Despite its problems, the branch does have three things going for it: location, location, location. Situated across the street from a park, just blocks from the waterfront and a brief stroll from the iconic Brooklyn Bridge, the community served by the Brooklyn Heights branch hosts some of the world’s priciest real estate. Condos in the neighborhood regularly sell for millions of dollars.
To BPL representatives, spending millions to repair the outdated branch would be throwing good money after bad. After weighing its options, BPL administrators decided the space was a better candidate for real estate markets than renovation.
Critics of the plan, though, argue that these decisions are being made prematurely, and will result in a worse branch for the neighborhood—a loss for the community that benefits real estate developers.
“The decision to shrink the library down to a predetermined size, just one-third, and stick it in the bottom of a residential tower where it can never expand afterward, plus the sale to lock in that decision, is being done in advance of having any such designs,” said Michael D.D. White of the organization Citizens Defending Libraries.
White claims that Hudson Companies and their partner in the development, Marvel Architects, are lowballing BPL, suggesting that the library and the land it sits on are worth more than $100 million.
White isn’t the only one who thinks something is rotten about the deal. Protests of the plan have gone on for more than two years, tying the project to the New York Public Library’s also controversial Central Library Plan (since revamped). BPL also originally planned to sell the Pacific branch, the borough’s first Carnegie library, but backed off in response to community feedback. Opponents to the Brooklyn Heights sale have been vociferous in recent public meetings, accusing BPL of exaggerating and refusing to repair the problems with the air conditioning and a lack of transparency surrounding the sale. Following the Community Board’s vote to OK the sale, DNAinfo reported that tensions ran high among attendees, with one stating “It’s all about money. It’s all money to go to the developer’s pockets.”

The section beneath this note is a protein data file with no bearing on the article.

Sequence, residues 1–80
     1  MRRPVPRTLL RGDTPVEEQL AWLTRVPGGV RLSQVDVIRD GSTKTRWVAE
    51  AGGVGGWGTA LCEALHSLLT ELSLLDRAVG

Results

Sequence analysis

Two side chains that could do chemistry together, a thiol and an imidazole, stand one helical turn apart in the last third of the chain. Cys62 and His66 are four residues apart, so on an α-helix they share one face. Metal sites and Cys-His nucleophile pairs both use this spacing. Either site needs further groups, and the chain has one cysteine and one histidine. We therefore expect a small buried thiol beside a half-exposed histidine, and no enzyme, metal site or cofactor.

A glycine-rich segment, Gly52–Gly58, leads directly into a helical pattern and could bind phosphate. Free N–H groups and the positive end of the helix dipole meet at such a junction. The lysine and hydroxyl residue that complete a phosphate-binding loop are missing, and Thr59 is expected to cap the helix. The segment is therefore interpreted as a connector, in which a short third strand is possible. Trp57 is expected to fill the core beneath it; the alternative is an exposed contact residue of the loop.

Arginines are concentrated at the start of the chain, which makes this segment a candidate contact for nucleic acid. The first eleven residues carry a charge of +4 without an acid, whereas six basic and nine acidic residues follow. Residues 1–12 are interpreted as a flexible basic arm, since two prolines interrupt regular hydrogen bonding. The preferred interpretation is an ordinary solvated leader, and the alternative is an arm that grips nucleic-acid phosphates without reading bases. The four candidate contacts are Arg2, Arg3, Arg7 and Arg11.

One impact of the proposed sale would be to spread the wealth (and space) currently invested in the Brooklyn Heights branch’s real estate around to other branches of the system. Capitalizing this branch, Johnson says, would help to offset the costs of improvements and renovations at other branches, including the system’s similar Sunset Park project, a planned new branch in south Brooklyn that will be situated on the ground floor of a development hosting 50 new affordable housing units. Unlike the shrinking Brooklyn Heights branch, the new Sunset Park Project library will be double the size of its Carnegie predecessor.
In addition, BPL has announced that the Walt Whitman branch will be getting $6 million to upgrade infrastructure and to modernize its facilities. The preserved Pacific branch will be getting $3.5 million for a new entryway and to make the building ADA accessible. The Washington Irving branch will be getting $4 million to upgrade infrastructure. This represents approximately 50% of the funds available to improve libraries, so there will be further announcements identifying additional branch libraries that will receive funding from this project.